2020 Election

Biden’s Fracking Flip-Flops Could Alienate Environmentalists

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Former vice president Joe Biden’s platform on climate change and environmental issues could alienate climate-change voters, activists say.

Chris Barnard, policy director for the American Conservation Coalition, said the Democratic nominee's flip-flop on his support for a fracking ban could chip away at his support from a key liberal constituency.

"[Biden] likes to say he has a plan, but it really isn't clear," Barnard told the Washington Free Beacon. "There’s a lot of conflicting information out there…. There’s a lot of appetite for an alternative to what the Democrats are proposing."

Biden's inconsistency on climate issues was on display at Thursday night’s presidential debate. Biden told listeners he never opposed fracking, contradicting his own position during the Democratic primary. Vice-presidential nominee Kamala Harris has also said she opposes fracking, but has backtracked from that position since joining the Biden ticket. 

Barnard pointed to other areas where Biden’s environmental policies could fall short of even the most modest expectations. Far-left Democrats continue to play a major role in crafting Biden’s environmental platform, making the extent to which Biden's environmental policy would resemble initiatives such as the Green New Deal unclear.

Pacific Research Institute senior fellow Wayne Winegarden said Biden has been unable to balance environmentalist positions against the potential costs to the economy. The burden of the costs associated with the Green New Deal and other environmentalist policies would fall disproportionately on poorer voters, according to Winegarden.

"We can get our emissions down while promoting economic growth," he said. "We can’t do that if we say we have to be net zero by 2035. Those types of policies are going to crush the poor."

Other Democrats running for national office exhibit similar tendencies regarding the Green New Deal: painting themselves as moderate by rejecting the policy at first glance, but hiding a far-left climate agenda. A Democratic House candidate in Colorado ran on a pro-Green New Deal platform in 2018, but now disavows her former stance. An Ohio Democrat has done the same about-face in the closing weeks of the race.

"The idea that you’re going to try to force the energy grid into some preconceived notion, there’s a lot of risks and dangers involved in that," Winegarden said.

 Biden unambiguously supports a return to the Paris Climate Accords, the pact from which the Trump administration withdrew in 2017. Outside of the accords, Washington continues to make progress in limiting emissions. As part of increased fracking and a shift to natural gas, America has limited emissions at a rapid clip, Barnard and Winegarden said.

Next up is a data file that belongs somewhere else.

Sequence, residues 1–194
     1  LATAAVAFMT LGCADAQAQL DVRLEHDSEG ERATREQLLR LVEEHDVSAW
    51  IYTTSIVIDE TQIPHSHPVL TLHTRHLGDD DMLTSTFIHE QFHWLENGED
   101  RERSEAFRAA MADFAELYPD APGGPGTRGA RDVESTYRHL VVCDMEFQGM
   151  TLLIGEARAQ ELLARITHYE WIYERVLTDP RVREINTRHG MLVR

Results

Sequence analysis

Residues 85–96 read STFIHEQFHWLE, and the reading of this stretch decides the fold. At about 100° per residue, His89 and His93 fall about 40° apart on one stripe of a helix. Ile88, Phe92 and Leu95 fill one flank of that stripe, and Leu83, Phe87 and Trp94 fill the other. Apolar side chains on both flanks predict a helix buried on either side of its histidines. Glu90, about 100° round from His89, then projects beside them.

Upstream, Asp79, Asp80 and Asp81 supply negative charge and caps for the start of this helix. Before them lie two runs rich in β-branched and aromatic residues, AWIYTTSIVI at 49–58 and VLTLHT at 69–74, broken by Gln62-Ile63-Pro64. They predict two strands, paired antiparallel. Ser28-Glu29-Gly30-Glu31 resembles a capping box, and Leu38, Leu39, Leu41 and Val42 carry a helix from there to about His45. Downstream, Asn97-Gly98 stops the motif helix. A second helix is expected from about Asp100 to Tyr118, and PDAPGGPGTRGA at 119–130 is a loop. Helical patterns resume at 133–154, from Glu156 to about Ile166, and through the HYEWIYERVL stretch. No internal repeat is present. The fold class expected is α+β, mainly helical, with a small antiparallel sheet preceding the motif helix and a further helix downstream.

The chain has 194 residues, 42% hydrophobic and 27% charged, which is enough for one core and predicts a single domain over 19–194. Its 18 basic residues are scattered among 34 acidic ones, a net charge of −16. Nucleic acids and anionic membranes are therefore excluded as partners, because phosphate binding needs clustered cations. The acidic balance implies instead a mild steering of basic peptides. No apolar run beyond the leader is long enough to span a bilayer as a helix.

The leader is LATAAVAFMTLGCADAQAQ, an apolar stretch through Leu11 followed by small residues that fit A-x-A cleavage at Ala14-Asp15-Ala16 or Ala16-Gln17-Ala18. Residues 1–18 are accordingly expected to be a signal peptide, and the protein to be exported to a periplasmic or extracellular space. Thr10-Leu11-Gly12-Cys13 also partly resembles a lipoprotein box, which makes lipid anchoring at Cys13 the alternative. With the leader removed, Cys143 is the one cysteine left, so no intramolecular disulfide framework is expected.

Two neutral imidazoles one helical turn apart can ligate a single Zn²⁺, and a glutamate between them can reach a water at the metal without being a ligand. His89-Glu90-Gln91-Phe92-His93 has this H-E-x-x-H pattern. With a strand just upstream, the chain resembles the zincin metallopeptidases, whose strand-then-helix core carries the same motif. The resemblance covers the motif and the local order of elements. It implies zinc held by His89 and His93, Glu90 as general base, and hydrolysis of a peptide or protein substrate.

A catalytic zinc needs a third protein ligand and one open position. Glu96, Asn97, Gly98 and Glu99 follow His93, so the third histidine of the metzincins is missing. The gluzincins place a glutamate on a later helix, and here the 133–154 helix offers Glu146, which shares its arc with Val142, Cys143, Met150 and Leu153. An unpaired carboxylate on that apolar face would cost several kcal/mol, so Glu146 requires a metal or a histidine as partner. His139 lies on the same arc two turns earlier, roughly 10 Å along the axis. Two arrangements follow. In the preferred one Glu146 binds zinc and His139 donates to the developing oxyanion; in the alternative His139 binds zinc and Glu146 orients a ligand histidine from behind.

"If you build more coal-fired plants in China, it doesn’t matter what you’re promising in the Paris Accords," Winegarden told the Free Beacon. "We’ve done a great job getting emissions down through the fracking revolution, which had nothing to do with the Paris Accords."

Though a signer of the Paris Climate Accords, China stands as the world’s foremost obstacle in tackling climate change. More than 70 percent of all coal plants under construction outside of China are reliant on Chinese funding, according to Quartz. Coal projects made up 44 percent of Chinese state-run banks' foreign energy financing in 2019. In total, China emits by far the most carbon dioxide and is trending toward an increase in emissions while most countries distance themselves from the most environmentally damaging energy sources.

In the face of these statistics, Chinese president Xi Jinping remains steadfast in his commitment to rebranding China as a global power in the environmental movement. His remarks at the United Nations in September focused on a global "green revolution," and more-recent statements from China's foreign ministry point to Washington as a "consensus-breaker and a troublemaker" on climate issues. The foreign ministry also accused President Donald Trump of "retrogression on climate change," which "seriously undermine[s] the fairness, efficiency, and effectiveness of global environmental governance."

Barnard warned that Biden’s generally cautious approach to China could spill over into kowtowing to China’s deflection on climate issues.

"There’s all these massive issues that China should be held accountable on, but they’re trying to green-wash these problems," Barnard said. "I’m afraid that a Biden administration would be too soft on China in that sense."

Barnard also observed that while trouble abounds for the Democratic coalition on climate change, the GOP appears open to a market-friendly, pro-environment approach. In 2019, Sens. Lindsey Graham (R., S.C.) and Cory Gardner (R., Colo.) established the Roosevelt Conservation Caucus to launch a rethink of GOP climate policy. Some key legislative measures focused on protecting national parks and promoting nuclear-energy alternatives have already come out of the caucus.

With such progress, environmentalists see an opportunity for Trump and conservatives to seize on pro-environment and pro-market policies. 

"Republicans in Congress are realizing they do have a seat at the table in these conversations. It’s been really positive to see their progress there," Barnard said. "If the GOP and Trump decide to embrace that, it wouldn’t just be good right now, but in the long term too."